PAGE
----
Netrins and Their receptors

  • Simon W. Moore
  • Marc Tessier-Lavigne
  • Timothy E. Kennedy
Part of the Advances in Experimental Medicine and Biology book series (AEMB, volume 621)


Netrins are a family of proteins that direct cell and axon migration during development. Three secreted netrins (netrin-1,-3 and-4) have been identified in mammals, in addition to two GPI-anchored membrane proteins, netrin-G1 and G2. Orthologues of netrin-1 play a highly conserved role as guidance cues at the midline of the developing CNS of vertebrates and some bilaterally symmetric invertebrates. In vertebrates, floor plate cells at the ventral midline of the embryonic neural tube secrete netrin-1, generating a circumferential gradient of netrin protein in the neuroepithelium. This protein gradient is bifunctional, attracting some axons to the midline and repelling others. Receptors for the secreted netrins include DCC (deleted in colorectal cancer) and the UNC5 homologues: UNC5A, B, C, and D in mammals. DCC mediates chemoattraction, while repulsion requires and UNC5 homologue and, in some cases, DCC. The netrin-G proteins bind NGLs (netrin G ligands), single pass transmembrane proteins unrelated to either DCC or the UNC5 homologues. Netrin function is not limited to the developing CNS midline. Various netrins direct cell and axon migration throughout the embryonic CNS, and in some cases continue to be expressed in the mature nervous system. Furthermore, although initially identified for their ability to guide axons, functional roles for netrins have now been identified outside the nervous system where they influence tissue morphogenesis by directing cell migration and regulating cell-cell and cell-matrix adhesion.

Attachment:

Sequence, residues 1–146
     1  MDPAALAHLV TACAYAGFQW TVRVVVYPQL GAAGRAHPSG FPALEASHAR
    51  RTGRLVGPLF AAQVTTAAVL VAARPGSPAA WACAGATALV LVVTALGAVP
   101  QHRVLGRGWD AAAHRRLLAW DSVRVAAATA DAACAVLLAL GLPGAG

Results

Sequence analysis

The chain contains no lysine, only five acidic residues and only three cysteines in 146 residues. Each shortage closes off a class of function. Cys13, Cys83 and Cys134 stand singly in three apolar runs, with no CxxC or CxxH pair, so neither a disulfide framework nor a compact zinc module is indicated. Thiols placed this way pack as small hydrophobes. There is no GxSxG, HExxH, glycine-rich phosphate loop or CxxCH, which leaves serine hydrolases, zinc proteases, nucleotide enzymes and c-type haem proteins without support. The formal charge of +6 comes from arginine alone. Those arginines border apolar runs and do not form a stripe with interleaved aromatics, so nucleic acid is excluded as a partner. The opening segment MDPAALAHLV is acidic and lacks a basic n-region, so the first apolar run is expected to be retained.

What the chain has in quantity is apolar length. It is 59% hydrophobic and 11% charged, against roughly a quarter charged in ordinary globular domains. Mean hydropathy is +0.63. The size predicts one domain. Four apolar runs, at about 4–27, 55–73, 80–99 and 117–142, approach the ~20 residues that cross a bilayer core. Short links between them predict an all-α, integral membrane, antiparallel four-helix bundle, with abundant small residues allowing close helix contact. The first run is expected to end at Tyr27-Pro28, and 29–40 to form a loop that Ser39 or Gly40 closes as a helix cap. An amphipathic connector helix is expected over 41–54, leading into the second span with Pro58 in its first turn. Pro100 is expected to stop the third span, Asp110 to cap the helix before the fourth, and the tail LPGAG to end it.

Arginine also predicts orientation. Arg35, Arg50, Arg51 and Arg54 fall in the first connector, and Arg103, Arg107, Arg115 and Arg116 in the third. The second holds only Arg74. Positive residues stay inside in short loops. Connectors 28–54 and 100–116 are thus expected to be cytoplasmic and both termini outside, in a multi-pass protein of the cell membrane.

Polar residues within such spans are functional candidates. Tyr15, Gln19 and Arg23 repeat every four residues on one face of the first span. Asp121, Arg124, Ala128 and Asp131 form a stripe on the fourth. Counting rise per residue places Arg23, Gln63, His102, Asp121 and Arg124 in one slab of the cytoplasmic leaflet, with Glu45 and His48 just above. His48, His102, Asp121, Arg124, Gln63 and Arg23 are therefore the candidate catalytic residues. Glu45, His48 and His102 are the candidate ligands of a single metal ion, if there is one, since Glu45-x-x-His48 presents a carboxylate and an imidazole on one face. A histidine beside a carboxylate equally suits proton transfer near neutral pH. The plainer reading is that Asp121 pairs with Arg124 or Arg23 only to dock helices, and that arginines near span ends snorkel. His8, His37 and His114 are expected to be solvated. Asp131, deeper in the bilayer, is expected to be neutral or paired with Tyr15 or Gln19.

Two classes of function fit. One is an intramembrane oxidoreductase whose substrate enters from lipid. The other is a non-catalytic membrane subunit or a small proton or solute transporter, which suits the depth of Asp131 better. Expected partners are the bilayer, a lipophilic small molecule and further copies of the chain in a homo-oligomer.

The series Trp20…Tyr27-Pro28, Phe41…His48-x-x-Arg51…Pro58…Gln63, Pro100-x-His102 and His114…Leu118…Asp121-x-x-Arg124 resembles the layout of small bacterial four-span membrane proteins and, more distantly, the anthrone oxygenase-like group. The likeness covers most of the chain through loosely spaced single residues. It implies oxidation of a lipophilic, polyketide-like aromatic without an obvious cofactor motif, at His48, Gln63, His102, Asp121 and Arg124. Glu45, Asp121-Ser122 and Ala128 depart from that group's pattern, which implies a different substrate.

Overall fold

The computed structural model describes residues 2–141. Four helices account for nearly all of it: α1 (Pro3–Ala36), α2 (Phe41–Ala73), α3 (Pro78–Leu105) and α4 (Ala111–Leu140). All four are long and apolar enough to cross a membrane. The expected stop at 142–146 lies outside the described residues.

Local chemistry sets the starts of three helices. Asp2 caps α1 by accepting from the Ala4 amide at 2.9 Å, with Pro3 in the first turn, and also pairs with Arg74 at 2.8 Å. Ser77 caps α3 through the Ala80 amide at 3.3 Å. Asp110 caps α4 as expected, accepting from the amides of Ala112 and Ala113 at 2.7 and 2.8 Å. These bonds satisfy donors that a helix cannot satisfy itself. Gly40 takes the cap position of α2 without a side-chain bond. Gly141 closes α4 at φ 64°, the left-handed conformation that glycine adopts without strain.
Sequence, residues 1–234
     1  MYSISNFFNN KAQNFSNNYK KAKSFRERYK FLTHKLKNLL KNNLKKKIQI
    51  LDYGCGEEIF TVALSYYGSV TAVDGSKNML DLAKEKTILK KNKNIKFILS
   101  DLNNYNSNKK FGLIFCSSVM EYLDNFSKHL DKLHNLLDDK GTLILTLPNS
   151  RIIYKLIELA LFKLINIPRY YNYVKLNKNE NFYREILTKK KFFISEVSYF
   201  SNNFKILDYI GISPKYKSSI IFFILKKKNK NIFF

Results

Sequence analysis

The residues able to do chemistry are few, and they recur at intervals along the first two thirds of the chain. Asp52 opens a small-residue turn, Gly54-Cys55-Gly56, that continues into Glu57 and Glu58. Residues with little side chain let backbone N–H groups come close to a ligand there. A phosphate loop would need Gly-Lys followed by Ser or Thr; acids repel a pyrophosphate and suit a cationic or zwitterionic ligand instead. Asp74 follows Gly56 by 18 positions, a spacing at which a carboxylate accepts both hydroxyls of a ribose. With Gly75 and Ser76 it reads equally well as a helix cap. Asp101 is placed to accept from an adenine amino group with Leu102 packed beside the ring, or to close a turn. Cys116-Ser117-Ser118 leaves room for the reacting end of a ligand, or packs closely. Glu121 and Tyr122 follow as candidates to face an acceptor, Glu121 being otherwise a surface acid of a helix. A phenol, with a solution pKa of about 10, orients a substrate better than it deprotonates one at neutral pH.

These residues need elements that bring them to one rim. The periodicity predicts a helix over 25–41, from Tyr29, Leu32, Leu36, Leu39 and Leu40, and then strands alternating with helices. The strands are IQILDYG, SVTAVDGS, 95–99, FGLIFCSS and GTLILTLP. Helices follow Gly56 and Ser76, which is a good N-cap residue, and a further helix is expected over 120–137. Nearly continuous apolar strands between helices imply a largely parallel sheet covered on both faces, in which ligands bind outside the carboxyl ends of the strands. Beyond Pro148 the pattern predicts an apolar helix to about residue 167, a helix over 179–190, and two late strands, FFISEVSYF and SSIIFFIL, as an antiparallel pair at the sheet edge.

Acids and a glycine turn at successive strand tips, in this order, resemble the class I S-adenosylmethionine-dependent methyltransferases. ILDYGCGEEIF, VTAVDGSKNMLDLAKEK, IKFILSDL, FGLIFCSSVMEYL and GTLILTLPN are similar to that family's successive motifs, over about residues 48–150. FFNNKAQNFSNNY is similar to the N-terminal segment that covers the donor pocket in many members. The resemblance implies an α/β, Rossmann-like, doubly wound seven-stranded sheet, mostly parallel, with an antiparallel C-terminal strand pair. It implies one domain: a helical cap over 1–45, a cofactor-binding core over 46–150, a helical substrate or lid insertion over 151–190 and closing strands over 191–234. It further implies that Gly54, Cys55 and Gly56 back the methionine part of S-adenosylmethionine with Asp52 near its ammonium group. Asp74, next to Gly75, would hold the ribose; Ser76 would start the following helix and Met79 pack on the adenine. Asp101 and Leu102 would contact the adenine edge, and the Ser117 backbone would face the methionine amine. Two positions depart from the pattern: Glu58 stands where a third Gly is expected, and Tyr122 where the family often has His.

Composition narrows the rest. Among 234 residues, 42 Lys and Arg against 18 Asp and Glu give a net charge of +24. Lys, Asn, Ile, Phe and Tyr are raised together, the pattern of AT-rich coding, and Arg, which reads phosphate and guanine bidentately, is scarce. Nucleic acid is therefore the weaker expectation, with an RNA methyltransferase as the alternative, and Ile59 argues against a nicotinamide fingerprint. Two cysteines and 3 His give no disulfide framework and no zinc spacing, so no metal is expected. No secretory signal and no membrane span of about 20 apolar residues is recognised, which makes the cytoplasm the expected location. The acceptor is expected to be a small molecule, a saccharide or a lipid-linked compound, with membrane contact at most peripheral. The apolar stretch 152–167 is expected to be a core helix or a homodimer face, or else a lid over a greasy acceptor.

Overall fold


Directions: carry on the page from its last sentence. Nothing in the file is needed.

Axon Guidance Floor Plate Ventral Midline Commissural Axon Commissural Neuron 
These keywords were added by machine and not by the authors. This process is experimental and the keywords may be updated as the learning algorithm improves.


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Copyright information

© Landes Bioscience and Springer Science+Business Media 2007

Authors and Affiliations

  • Simon W. Moore
    • 1
  • Marc Tessier-Lavigne
    • 1
    • 2
  • Timothy E. Kennedy
    • 3
  1. 1.Centre for Neuronal Survival, Montreal Neurological InstituteMcGill UniversityMontrealCanada
  2. 2.Genentech, Inc.South San FranciscoUSA
  3. 3.Montreal Neurological InstituteMcGill UniversityMontrealCanada

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